I once read a quote that essentially said that you shouldn’t worry about how much – or what -others are thinking about you because the truth is that they are thinking of themselves, not you. I was struck by this quote because I couldn’t deny the truth it contained, and it was actually freeing. People aren’t judging me as much as I feel like they must be (I’m an Enneagram 1, so since I’m always judging myself I assume others are doing that to me as well).
We are all self-centered and think about ourselves a majority of the time, though we’d probably never admit it because we want to appear better than we actually are.
The Truth About Us by Brant Hansen delves even deeper into a related concept and I’m left in wonder and conviction. Not only does he suggest (and prove) that we are self-centered, but he also shows that we glorify ourselves and justify our actions through a series of well-documented biases.
I’m glad Brant’s first book was about not being easily offended because it would be easy to take offense/be defensive about what he wrote in this book – good thing he wrote that one first, haha. Instead, in his gentle way, he is able to disarm the reader and lead us into the truth he presents. We just have to be willing to consider it.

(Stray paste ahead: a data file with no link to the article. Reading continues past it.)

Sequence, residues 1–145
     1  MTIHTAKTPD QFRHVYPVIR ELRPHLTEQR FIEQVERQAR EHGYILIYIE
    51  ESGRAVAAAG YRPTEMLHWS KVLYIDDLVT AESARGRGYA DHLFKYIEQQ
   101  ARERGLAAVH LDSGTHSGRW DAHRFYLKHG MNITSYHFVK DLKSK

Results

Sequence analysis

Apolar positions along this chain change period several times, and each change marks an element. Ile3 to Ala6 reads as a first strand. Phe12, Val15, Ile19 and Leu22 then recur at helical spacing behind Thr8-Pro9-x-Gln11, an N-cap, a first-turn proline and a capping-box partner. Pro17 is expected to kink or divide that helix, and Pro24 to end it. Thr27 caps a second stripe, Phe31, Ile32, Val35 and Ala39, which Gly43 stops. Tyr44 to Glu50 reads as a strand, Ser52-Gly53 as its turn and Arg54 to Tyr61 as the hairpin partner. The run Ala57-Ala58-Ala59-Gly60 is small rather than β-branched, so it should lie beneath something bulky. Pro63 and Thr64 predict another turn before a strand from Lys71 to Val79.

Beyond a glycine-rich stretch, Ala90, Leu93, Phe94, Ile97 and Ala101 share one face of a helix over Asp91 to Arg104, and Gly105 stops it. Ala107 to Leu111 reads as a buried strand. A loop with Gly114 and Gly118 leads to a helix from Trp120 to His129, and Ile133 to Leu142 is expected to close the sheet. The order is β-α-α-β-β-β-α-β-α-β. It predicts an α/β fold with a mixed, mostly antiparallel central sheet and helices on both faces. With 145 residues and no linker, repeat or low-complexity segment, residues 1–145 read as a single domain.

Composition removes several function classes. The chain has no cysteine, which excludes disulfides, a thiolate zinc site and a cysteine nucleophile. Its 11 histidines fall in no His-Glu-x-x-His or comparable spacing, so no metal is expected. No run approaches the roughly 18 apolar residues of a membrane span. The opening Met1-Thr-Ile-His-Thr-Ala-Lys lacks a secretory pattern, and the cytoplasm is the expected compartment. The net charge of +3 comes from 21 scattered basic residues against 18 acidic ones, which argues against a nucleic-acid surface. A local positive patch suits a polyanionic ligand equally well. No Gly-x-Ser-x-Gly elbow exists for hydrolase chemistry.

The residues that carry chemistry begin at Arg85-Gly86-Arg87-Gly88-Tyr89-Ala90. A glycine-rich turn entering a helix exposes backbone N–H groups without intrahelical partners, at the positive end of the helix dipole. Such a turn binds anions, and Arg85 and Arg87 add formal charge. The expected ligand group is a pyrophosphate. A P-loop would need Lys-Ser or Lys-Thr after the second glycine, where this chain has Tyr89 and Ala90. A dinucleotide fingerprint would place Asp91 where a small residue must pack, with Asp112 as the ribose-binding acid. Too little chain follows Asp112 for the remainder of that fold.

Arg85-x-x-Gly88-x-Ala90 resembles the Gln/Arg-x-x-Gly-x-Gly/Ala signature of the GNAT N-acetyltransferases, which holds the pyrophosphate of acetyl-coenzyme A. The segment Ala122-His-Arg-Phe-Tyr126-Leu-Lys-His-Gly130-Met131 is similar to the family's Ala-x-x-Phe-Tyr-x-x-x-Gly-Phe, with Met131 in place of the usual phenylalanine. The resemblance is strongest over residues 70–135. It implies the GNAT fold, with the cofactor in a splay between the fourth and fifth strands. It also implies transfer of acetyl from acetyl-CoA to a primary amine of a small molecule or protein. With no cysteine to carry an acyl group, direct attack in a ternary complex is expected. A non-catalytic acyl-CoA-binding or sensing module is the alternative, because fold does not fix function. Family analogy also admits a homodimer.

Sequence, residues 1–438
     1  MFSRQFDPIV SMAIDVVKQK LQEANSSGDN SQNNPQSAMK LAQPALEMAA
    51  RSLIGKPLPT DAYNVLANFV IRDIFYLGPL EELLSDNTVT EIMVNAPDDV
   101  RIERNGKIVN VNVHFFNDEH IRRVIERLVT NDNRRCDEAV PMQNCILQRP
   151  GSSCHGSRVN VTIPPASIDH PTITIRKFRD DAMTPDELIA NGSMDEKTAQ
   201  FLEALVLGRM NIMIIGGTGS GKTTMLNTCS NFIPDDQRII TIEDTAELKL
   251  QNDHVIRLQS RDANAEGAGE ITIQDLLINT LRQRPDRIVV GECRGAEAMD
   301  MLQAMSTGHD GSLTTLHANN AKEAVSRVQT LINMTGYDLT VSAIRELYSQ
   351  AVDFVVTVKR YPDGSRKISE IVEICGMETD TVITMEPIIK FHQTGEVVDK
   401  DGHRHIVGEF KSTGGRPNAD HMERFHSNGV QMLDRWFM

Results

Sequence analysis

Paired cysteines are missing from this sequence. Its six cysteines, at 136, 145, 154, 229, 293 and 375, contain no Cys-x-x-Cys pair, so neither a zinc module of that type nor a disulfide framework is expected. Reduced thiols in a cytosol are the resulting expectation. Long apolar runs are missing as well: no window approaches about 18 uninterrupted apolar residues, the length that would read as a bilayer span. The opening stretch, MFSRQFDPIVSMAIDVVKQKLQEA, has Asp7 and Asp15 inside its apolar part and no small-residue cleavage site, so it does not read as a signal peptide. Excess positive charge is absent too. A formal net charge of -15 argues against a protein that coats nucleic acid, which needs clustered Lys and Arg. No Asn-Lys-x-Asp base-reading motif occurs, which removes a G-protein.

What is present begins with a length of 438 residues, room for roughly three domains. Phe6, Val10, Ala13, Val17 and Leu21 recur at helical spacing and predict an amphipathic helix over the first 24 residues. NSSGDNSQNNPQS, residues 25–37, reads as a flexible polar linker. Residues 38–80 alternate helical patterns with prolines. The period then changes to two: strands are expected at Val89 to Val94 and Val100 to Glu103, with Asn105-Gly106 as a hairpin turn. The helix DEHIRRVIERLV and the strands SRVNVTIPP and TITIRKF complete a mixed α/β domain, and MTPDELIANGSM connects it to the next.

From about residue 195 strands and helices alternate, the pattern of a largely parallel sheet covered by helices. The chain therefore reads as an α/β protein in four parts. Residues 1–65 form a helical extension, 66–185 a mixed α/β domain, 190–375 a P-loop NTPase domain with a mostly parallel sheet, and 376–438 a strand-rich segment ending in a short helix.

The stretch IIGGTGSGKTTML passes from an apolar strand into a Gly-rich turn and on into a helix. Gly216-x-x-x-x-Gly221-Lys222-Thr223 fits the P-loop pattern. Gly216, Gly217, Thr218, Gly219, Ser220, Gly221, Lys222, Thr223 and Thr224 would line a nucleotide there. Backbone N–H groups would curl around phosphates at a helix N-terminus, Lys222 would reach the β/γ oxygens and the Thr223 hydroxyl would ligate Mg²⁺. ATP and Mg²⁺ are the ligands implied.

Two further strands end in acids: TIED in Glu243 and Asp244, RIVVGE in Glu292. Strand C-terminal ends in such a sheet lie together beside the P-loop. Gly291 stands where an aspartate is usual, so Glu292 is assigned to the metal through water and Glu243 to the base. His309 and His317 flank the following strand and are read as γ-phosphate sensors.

Part of me wonders how I never noticed these things before, but now that I know more about how the human brain functions, I’m actually left feeling encouraged. I’m even more grateful for Jesus, and for grace.
We all think we’re better than others. We justify our actions, we do what we want. We are all bad and, as the cover of the book says, that’s good news.
I know that sounds strange and vague. I don’t want to give too much away because I want you to read it for yourself. This is a book to be savored, not rushed; pondered, not pushed aside in offense. Much like his other two books, Brant’s words are freeing and encouraging – you simply have to be willing to hear them.
I’ll leave you with this quote – just one of MANY I underlined along the way:
“Come to me, all you who are weary and burdened, and I will give you rest,” Jesus says (Matt. 11:28). Perhaps that rest involves being able to stop all this machinery in its tracks. By admitting how we can fool ourselves, by admitting we’re addicted to our own rightness, by rethinking how we approach life, we may just also find this oft-elusive “peace” he spoke of.
No more justifying, no more constant rationalization. This is the beauty of actually saying, “I am not a good person.” (Page 40)
The Truth About Us is available TODAY – I highly recommend it!